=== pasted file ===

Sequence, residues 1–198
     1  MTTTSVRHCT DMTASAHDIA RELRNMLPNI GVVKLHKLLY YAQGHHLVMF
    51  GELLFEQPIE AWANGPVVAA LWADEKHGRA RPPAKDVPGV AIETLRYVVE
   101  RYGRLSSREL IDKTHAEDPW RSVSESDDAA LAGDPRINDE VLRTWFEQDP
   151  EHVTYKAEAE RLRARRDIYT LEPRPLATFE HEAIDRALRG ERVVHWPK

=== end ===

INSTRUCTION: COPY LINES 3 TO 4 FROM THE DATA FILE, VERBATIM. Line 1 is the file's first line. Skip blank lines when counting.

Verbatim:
    51  GELLFEQPIE AWANGPVVAA LWADEKHGRA RPPAKDVPGV AIETLRYVVE
   101  RYGRLSSREL IDKTHAEDPW RSVSESDDAA LAGDPRINDE VLRTWFEQDP